There is, however, one aspect of the poetics of the Internet that I particularly do enjoy. Last week, Yair Rosenberg published an article on Tablet pointing out that the acclaimed author Alice Walker lauded an anti-Semitic author in a New York Times interview. Rosenberg’s piece of commentary sparked thousands, probably even hundreds of thousands, of other comments, on news sites and elsewhere. As is often the case, many of these comments clocked in at under 280 characters. Talia Levin (@chick_in_kiev) pointed out that, sadly, this is not new, that the Talmud has been blamed by this person before. A thread by Judah Fishmonger (@praisegodbarbon) gained particular traction: over 1,600 users liked one of its component tweets, which was also retweeted some 350 times, leading to comments—some in direct dialogue and others not—about the relevance or relatability of the Talmud, and these comments, in turn, were then commented on by other tweeters. According to Fishmonger, “[t]he truth about the Talmud is that 99.9% of it is just incredibly boring instructions on how to properly groom an ox and the other 0.1% is old men disagreeing about astrology.” In a meta-poetic tweet of meta-commentary tinged with Talmudic references,  Rabbi Danya Ruttenberg (@TheRaDR) responded that “[t]his is true,” but “[i]t’s also true that Talmud study is profound and amazing and full of challenges and wisdom and layers. And both I and this tweeter are right. These and these are words of the living God. Teiku.” Also in the realm of poetics, our very own Shai Secunda (@shaisecunda) reflected that “[c]onspiratorial, Anti-Semitic depictions of the Talmud ranging from Alice Walker to a former VP of Iran” remind him “that this incredible work really does destabilize cultures, in the most fascinating & productive sense. That’s part of what’s so threatening to these Orthodox hatreds.” Over the course of just a few days, the commentary swelled. Still other threads were retweeted, allowing additional people to add to the same core conversation but in separate locations, and with separate outcomes. “Talmud” was trending, even if for unfortunate reasons.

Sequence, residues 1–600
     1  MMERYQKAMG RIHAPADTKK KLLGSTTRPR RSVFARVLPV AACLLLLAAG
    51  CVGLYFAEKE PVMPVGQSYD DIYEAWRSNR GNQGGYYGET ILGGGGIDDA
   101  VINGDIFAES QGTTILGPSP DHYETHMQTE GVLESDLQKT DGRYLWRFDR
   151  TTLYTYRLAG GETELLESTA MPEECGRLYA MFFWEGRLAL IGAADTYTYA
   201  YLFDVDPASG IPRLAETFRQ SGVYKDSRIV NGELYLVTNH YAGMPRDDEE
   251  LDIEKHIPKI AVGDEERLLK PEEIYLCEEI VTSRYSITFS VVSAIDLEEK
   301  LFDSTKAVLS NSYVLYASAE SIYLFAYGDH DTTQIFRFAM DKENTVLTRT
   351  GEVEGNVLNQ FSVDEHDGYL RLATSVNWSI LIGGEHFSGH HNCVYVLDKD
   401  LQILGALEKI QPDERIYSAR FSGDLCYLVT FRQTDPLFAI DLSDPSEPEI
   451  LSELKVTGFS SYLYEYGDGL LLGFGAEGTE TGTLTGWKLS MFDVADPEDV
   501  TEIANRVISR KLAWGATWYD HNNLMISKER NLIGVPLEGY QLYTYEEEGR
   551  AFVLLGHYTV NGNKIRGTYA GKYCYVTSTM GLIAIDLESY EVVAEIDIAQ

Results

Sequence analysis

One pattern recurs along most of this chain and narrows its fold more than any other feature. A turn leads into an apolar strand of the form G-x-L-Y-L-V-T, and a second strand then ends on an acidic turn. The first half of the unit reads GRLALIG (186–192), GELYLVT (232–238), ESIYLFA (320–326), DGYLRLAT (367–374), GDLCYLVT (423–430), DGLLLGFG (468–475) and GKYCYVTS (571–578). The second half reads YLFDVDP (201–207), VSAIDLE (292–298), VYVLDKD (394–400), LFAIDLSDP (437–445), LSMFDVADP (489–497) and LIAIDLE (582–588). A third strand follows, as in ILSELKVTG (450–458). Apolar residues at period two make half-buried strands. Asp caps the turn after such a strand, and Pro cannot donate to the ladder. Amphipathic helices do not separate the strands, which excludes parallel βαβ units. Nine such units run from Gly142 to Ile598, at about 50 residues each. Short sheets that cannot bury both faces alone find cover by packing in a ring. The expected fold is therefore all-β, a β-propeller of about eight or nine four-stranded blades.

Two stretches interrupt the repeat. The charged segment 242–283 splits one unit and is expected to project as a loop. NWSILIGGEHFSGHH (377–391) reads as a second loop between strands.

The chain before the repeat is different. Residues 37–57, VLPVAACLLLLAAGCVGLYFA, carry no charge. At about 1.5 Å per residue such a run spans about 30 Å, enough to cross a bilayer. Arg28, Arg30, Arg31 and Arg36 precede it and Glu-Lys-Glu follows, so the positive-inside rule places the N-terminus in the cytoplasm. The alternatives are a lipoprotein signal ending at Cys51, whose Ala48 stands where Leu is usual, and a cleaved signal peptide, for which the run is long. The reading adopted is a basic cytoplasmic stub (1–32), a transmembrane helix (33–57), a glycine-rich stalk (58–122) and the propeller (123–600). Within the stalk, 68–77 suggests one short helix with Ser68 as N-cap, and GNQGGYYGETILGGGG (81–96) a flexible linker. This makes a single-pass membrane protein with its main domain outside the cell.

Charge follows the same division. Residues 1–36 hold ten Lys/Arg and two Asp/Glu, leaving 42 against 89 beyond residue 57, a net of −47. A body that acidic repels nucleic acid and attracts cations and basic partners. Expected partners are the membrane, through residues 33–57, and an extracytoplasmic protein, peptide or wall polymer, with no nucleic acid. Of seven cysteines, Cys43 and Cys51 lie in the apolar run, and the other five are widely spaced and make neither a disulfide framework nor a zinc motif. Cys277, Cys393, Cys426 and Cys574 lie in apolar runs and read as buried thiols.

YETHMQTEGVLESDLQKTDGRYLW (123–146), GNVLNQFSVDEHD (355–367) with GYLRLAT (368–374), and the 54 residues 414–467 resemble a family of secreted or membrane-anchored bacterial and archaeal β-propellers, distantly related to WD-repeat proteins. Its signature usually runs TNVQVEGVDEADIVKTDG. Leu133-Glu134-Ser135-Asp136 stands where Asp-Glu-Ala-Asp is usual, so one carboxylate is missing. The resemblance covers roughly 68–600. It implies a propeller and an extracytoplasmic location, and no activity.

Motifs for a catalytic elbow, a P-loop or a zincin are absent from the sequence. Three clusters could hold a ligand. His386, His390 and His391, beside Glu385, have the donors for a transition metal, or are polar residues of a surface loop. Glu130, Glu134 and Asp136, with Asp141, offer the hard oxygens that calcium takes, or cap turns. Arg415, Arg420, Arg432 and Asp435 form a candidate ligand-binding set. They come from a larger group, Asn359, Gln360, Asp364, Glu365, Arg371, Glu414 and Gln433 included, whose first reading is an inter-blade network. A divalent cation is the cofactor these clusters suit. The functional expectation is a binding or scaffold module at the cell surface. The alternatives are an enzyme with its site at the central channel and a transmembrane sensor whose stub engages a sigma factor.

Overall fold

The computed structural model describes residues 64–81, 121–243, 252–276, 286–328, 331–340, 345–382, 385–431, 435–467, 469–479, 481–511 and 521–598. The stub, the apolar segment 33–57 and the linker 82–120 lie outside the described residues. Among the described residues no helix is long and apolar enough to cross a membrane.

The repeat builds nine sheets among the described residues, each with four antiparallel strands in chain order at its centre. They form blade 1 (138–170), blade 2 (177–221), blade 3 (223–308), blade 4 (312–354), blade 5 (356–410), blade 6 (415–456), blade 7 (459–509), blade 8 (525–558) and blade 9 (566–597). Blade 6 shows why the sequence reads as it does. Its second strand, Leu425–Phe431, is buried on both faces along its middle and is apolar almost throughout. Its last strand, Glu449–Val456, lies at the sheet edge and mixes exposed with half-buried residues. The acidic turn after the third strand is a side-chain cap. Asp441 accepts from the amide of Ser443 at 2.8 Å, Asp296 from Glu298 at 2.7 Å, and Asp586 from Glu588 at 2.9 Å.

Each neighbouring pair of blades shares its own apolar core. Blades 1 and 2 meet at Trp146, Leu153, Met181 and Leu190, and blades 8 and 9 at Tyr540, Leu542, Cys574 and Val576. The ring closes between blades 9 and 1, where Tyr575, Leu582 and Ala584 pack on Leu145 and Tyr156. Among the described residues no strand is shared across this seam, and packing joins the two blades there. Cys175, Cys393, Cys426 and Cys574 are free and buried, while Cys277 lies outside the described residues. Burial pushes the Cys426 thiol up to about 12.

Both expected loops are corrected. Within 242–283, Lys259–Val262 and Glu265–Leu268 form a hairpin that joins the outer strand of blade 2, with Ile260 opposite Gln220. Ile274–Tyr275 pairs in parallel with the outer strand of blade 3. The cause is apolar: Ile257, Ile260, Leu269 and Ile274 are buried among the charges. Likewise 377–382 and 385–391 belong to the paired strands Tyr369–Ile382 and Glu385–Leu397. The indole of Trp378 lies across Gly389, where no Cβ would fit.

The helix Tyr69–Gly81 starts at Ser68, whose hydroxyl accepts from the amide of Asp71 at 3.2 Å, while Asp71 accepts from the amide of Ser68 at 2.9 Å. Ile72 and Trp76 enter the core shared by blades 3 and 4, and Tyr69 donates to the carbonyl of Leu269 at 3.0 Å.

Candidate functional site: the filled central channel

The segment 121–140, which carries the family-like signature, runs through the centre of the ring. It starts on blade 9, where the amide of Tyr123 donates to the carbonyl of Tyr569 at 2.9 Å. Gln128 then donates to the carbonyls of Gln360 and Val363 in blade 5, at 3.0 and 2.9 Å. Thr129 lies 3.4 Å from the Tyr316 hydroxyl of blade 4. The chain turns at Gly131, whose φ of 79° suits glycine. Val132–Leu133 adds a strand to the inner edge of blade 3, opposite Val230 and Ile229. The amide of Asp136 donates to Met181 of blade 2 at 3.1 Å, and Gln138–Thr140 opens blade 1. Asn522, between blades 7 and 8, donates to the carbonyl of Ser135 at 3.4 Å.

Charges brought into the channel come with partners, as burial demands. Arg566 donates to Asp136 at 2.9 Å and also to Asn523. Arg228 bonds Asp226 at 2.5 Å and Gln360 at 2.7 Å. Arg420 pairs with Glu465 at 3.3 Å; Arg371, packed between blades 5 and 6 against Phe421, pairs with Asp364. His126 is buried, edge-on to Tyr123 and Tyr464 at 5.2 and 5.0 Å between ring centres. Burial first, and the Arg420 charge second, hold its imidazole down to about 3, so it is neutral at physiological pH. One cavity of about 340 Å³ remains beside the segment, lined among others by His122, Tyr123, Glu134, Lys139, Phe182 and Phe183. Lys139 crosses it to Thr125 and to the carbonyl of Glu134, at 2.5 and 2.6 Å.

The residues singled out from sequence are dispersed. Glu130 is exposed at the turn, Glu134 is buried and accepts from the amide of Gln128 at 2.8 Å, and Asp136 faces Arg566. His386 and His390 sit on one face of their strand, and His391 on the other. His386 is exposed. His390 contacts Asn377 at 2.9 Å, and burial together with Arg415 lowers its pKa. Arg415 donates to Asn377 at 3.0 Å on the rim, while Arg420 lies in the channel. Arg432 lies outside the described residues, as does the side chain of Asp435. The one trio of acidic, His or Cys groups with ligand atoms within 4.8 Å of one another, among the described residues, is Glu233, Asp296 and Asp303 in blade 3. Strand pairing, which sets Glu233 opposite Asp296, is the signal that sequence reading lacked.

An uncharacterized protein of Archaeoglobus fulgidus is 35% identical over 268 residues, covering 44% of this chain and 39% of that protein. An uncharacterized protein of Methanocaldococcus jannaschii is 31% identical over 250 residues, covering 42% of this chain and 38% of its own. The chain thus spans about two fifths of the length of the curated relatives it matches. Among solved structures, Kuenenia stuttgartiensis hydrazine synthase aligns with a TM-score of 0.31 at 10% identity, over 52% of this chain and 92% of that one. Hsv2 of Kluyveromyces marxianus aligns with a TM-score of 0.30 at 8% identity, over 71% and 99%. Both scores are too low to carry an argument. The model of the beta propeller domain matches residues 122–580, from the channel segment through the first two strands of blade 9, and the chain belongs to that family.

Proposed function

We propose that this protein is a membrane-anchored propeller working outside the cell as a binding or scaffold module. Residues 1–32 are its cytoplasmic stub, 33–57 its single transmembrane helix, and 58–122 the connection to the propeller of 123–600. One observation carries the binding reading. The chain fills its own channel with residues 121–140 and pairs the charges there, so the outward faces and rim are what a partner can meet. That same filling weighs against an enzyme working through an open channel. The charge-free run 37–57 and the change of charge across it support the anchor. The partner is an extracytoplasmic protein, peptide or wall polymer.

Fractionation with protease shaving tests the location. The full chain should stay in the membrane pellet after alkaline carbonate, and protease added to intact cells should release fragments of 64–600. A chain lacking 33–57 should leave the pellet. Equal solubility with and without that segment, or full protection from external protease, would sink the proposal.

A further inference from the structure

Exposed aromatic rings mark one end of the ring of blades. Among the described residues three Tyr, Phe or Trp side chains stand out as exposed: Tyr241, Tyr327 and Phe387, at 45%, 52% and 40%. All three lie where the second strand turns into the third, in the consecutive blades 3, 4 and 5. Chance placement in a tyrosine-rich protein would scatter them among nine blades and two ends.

We’ve come a long way since Jonathan Rosen’s The Talmud and the Internet. The poetics of the Internet have evolved since the early aughts. Hyperlinks have morphed into hashtags, blogs into Tweets, links into search results. And all the while, the texture through which we engage with one another over this amorphic, bizarre platform has grown increasingly intricate: our web of networks, the ways in which we engage with ideas, with people, with text, have shifted into something that parallels but yet still fails to capture the full complexity of human experiences, leaving us with just a tantalizing glimmer of the other, or a glimpse of something that could be, if only in theory.

Some say, it’s Talmudic.